Happy 200th Birthday, Bicycle!
May is National Bike Month in the United States. Around the country, including in Central Oklahoma, everyday people will be taking to the streets for Bike to Work Day on May 19. This year also marks the 200th birthday of the bicycle. Join ACOG for a series of blog entries celebrating this phenomenal machine. Explore the history behind the bike, including how it influenced the automobile; learn about the bicycle’s influence on women’s independence; pick up tips on how to ride the city safely and efficiently; and find out how ACOG is helping to push Central Oklahoma to become more bike-friendly.
The Early Day of the Bicycle
The birth of the bicycle began with a bang. In April 1815, Mount Tambora erupted in present-day Indonesia. The volcano coughed clouds of ash and aerosols directly into the atmosphere, blocking out the sun. While the ash fell on local villages, collapsing homes and killing thousands, the lighter particles were able to travel much further around the globe. As a result, Earth’s average temperature dropped three degrees Celsius in the following months. 1816 became known as the ‘Year Without a Summer’ to North Americans and Europeans. Snow fell that summer in New England and Europe saw many cold, rainy days.
This unseasonably cold summer greatly affected agriculture. Many of the season’s crops failed and, as a result, prices climbed. Among these crops were the oats, a popular feed for horses. At the time, horses were the main source of transportation, so as the price of oats climbed, so too did the cost to own horses, and thus of transportation. This inspired German inventor Karl Drais to look for other ways to quickly move people around without horsepower.
In 1817, Drais unveiled his Laufmaschine, German for “running machine.” In English, the first bike was called the velocipede, Draisine, and dandy horse. This wooden bike had no pedals, and instead was pushed along by the rider’s feet, much in the same way children may learn to ride on a balance bike today. Riders sat on a saddle in the center of the machine and steered the front wheel by means of a relatively rigid set of handlebars. However, the Draisine was difficult to ride on the unpaved roads, so people typically rode them on the sidewalk with other pedestrians.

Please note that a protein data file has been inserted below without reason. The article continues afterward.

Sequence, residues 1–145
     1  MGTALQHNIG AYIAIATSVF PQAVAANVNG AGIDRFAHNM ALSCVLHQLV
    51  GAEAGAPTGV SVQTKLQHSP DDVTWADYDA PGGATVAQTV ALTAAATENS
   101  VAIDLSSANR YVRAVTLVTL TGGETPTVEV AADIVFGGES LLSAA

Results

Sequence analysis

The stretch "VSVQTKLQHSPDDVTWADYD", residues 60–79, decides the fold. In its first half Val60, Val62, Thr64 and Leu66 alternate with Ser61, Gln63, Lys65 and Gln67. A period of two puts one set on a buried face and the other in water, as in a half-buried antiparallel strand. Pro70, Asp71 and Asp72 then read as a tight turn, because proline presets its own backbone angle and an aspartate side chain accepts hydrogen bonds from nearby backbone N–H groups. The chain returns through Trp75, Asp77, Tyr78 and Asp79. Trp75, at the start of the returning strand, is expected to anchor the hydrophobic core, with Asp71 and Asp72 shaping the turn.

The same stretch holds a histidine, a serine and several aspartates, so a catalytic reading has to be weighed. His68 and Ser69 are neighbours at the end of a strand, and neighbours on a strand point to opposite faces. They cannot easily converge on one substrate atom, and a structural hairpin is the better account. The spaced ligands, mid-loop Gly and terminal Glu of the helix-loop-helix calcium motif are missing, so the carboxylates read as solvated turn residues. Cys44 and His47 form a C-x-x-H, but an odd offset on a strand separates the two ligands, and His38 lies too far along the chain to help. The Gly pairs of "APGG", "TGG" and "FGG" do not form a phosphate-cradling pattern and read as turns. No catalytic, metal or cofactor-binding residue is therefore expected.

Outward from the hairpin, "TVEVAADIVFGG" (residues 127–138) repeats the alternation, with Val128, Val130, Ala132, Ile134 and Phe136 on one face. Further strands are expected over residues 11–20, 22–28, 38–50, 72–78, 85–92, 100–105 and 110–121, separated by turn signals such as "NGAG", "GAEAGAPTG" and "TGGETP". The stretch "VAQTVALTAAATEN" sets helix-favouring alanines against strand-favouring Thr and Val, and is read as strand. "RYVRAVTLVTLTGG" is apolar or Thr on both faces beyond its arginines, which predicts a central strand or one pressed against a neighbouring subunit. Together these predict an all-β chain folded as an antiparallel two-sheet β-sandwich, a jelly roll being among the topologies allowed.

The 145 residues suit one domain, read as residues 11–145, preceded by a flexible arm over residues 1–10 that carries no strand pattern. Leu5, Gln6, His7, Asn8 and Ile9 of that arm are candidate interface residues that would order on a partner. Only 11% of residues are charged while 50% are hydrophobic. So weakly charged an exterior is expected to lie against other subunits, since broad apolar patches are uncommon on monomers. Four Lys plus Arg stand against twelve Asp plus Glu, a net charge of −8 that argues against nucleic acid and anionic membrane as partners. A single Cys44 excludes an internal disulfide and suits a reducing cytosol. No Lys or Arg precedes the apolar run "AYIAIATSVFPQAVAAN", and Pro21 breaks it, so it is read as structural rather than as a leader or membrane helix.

After the following bountiful harvest later that year, the fad began to fade, especially after velocipedes were banned from traveling along the sidewalks. While bicycles continued to evolve from the Draisine – from the ‘Bone Shaker’ in the 1860s to the Penny Farthing in the 1870s – they were still limited to enthusiasts. However, by the end of the century, the fad saw a resurgence in interest. In the late 1880s, the Rover safety bicycle was invented. As opposed to some previous models such as the penny farthing, the safety bicycle was the first bike to have two wheels of roughly the same size. It was designed by J. K. Starley in England and became a universal model of this mode of transport.
Bicycle Commuting in the Heartland
Fast forward to the present day where the bicycle is seeing another resurgence in popularity. According to the National Household Travel Survey, the number of trips made by bicycle in the U.S. more than doubled between 2001 and 2009. When people think of commuting cyclists, they typically may think of those living in places such as Portland, Oregon or New York City or Davis, California. However, even out here in the Heartland, the number of people riding bikes to work or for recreation is steadily growing.
According to 2011-2015 American Community Survey data, there are a total of over 1.7 million people aged 16 and over commuting to work in the state of Oklahoma. While a majority drive, more than 4,000 people ride their bike to get to work. And while this is a very minute percentage of commuters, this statistic is up by about 500 from the previous set of 5-year estimates (2006-2010).
Few Commuting Bike Riders in Central Oklahoma
There is no ignoring the fact that there are so few regular commuting bike riders in Central Oklahoma. But why is that number so low? Many in Central Oklahoma have expressed interest in riding a bike via ACOG’s Encompass 2040 survey. Why don’t they? In a few weeks, we will discuss tips on how to commute by bike and the challenges potential riders face, but for now think about the question. What do you think prevents Oklahomans from riding their bikes to work or school? Do you have personal stories you wish to share? Share them with us on Facebook!
Bike To Work Day
Click here to learn more about the 2017 Bike To Work Day in Central Oklahoma. Check out designated routes and rides across Central Oklahoma including Oklahoma City, Edmond, Guthrie, Moore, Norman, The Village and Yukon.